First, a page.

Eating Animals author Jonathan Safran Foer wins converts

Vegan Maker

Looking at author Jonathan Safran Foer’s body of work, one is struck by how heavy his topics of choice are. His first novel, Everything is Illuminated, was set in the charred landscape of a Holocaust-terrorized Jewish village. His second, Extremely Loud and Incredibly Close, deals with a boy who lost his father on 9/11.

It’s Foer’s only nonfiction work, however, that has turned out to be the most provocative. Eating Animals ventures into the world of factory farming, territory that still, even in these days of 24-hour news cycles, Twitpics, and the current craze for local and sustainable foods, has managed to stay out of the spotlight — if only because most people don’t want to know what happens at factory farms. We all know they involve horrific cruelty and environmental pollution, but that’s usually about as far as the conversation goes. Add to this the fact that food carries an enormous emotional and cultural weight, and it’s easy to see why the eating meat vs. not eating meat argument has been relegated to the naughty table, along with religion and politics. It’s something polite people just don’t bring up.

So it was a courageous move for the College of Charleston to choose Eating Animals as this year’s College Reads! selection. The College Reads! program encourages all incoming students and faculty to read one book, which is incorporated into syllabi and discussed at various events throughout the academic year. Martin Jones, a CofC math professor who is also vegan, pushed for the school to select Eating Animals for several years (the book was published in 2009) and is largely to thank for its final success. “I kind of sold my soul on this one,” Jones says. “I was really wanting to have this discussion.”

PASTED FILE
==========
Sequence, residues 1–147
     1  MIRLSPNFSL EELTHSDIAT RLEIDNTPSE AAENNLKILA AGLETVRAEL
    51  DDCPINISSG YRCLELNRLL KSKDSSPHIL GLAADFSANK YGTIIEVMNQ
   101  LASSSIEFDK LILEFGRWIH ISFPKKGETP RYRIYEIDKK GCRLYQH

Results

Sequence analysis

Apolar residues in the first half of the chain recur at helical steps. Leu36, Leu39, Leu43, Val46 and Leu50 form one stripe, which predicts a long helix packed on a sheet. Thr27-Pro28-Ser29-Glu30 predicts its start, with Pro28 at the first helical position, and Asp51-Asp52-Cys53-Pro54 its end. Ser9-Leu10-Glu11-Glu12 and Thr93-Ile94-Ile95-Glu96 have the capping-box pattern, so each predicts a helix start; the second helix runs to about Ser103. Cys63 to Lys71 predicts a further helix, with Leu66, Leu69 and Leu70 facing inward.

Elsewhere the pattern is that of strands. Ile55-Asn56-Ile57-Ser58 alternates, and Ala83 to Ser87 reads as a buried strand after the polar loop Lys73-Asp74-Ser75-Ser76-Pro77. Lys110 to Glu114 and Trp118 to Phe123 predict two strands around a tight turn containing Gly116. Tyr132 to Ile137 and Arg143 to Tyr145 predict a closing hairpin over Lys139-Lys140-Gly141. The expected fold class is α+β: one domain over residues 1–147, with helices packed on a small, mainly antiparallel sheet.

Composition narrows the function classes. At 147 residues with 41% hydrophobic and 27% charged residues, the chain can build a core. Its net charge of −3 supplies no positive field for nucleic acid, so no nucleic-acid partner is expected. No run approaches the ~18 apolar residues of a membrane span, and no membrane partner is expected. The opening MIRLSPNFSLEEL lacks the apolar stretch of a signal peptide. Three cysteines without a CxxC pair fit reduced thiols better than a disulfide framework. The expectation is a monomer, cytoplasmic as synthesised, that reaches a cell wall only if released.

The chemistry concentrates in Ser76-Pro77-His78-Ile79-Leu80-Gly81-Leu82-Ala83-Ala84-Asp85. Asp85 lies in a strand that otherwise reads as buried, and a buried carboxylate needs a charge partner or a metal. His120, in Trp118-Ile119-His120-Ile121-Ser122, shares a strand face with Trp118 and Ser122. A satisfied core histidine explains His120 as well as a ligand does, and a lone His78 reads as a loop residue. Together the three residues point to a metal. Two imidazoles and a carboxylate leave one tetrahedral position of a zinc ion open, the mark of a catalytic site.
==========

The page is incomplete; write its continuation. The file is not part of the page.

He’d read plenty of books on similar topics, but this one stood out to him as a good choice for a number of reasons. “There are lots and lots of good books on this issue, but I think the reason this one was the best choice is because one, it’s very well-written, and two, it kind of soft pedals the issue. It just asks people to look at the issue, look at what’s happening. It’s very kind to everyone.”